Clethra alnifolia, commonly referred to as summersweet and sweet pepperbush, might be a treasure for wildlife within its perennial range, U.S. Department of Agriculture plant hardiness zones 3 through 9. Its aromatic blooms and peppercornlike seeds beckon winged wildlife, attracting those guests into the yard.
Summersweet supplies two food sources for birds: nectar and seeds. In midsummer, the plant creates flower panicles, which start flowering in the bottom upward until they resemble bottle brushes. Hummingbirds appear to discover the sweet nectar from the spicy-fragranced blossoms irresistible. Following a flowering period which generally starts in July and lasts six weeks, the flowers fade and give way to brown seed capsules. The seed capsules offer food for other birds well into autumn. It’s the appearance of the peppercornlike seeds which gives summersweet its other common name — sweet pepperbush.
Summersweet’s aromatic flowers also attract pollinators like butterflies, bees and wasps. Should you grow summersweet as a butterfly-garden plant, its natural pest- and also disease-resistance means you do not need to use chemical pesticides, that may kill butterflies. Bees are also vulnerable to toxic substances. Some cultivars of summersweet are bred for different flower colors and shapes, but the common selection of the species might often produce more nectar than the cultivars for butterflies.
Offering the environment that summersweet prefers may keep it in optimum health so that it continues to produce nectar, seeds and pollen for the wildlife it attracts. In summersweet’s hardiness range, the plant tolerates varied light and soil conditions. It thrives in full sun but also prospers in complete colour, flowering in both extremes. It responds to well-draining soil, but it also grows in wet locations, which makes it a acceptable plant for rain gardens. Another one of summersweet’s forgiving traits — salt-tolerance — makes it a candidate for planting in coastal locations.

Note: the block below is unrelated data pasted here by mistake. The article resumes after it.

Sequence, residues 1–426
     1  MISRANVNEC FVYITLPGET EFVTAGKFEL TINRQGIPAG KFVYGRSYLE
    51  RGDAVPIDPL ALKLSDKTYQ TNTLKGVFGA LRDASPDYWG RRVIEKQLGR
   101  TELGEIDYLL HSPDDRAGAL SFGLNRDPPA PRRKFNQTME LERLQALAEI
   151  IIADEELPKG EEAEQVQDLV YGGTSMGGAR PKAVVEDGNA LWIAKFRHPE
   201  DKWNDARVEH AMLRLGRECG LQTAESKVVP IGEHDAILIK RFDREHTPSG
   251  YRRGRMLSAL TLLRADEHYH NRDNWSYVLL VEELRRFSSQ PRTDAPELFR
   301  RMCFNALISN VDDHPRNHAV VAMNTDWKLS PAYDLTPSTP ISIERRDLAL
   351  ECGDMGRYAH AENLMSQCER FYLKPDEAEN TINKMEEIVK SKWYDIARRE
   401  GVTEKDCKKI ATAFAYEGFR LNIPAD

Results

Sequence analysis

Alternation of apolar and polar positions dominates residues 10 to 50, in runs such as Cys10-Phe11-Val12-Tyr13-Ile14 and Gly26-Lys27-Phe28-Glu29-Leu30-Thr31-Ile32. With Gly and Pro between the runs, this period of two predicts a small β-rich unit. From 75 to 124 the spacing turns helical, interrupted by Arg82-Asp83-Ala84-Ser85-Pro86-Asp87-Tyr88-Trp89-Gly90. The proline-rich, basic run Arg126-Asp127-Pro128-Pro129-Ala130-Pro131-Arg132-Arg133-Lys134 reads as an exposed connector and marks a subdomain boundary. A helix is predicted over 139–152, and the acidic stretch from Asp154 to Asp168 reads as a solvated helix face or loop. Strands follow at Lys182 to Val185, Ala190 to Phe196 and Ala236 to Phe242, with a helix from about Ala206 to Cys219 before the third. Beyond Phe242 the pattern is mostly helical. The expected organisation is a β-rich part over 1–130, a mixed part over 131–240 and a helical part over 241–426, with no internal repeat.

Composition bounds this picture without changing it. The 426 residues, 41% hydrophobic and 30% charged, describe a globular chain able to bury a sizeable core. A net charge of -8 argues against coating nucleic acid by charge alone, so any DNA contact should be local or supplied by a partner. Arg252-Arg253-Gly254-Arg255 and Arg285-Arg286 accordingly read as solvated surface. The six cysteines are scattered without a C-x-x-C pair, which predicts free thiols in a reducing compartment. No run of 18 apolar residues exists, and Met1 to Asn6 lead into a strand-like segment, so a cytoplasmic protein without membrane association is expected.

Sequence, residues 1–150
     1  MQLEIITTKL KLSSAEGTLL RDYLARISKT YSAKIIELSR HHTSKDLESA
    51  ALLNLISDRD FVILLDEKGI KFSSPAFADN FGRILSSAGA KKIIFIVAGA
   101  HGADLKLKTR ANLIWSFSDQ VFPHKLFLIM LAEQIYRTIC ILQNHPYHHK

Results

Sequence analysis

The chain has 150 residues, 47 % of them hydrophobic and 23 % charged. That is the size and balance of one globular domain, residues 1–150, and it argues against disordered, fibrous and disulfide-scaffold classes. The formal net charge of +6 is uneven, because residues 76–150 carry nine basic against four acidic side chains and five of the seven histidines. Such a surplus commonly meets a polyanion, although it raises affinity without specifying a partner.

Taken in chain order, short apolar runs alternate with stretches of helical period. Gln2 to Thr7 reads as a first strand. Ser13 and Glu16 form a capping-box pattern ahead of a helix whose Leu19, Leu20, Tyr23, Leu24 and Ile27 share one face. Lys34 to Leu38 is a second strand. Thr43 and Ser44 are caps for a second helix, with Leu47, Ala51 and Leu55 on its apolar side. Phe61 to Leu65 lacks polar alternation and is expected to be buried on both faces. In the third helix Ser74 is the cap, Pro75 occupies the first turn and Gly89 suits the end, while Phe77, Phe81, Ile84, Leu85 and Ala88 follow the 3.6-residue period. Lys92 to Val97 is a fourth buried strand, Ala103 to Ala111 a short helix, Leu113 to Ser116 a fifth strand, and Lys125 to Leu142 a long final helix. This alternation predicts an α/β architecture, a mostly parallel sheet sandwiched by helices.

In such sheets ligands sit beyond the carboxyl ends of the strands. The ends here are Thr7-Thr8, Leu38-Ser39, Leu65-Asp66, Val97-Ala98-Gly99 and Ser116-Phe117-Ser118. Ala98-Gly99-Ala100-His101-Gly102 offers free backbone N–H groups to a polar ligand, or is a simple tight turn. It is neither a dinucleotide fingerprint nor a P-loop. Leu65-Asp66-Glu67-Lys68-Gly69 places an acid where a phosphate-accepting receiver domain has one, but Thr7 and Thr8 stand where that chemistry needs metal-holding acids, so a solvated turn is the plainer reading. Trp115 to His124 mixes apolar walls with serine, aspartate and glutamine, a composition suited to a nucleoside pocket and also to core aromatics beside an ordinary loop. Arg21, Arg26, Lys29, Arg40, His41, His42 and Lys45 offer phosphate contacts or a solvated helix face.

Based on the size of your wildlife garden, a summersweet cultivar likely is available to match the space. The cultivar “Hummingbird” (Clethra alnifolia “Hummingbird”) is a botanical Sliding magnet that is hardy in USDA zones 3 through 9. Bearing white blooms, it has a height of just 2 to 4 feet and a spread up to 5 feet, making “Hummingbird” acceptable for a little wildlife garden. If you want a flowering tree to fill a narrower vertical space, then consider “Ruby Spice” (Clethra alnifolia “Ruby Spice”), that grows up to 6 feet in height with a spread of 3 to 5 feet. It includes rose-pink flowers and is hardy in USDA zones 4 through 8. In case you’ve got a larger space to fill in your wildlife garden, subsequently “Pink Spire” (Clethra alnifolia “Pink Spire”), one of the largest summersweet cultivars, is an option. This tree may reach 8 feet tall with a 6-foot spread, plus it creates light-pink flowers. “Pink Spire” is hardy in USDA zones 4 through 8.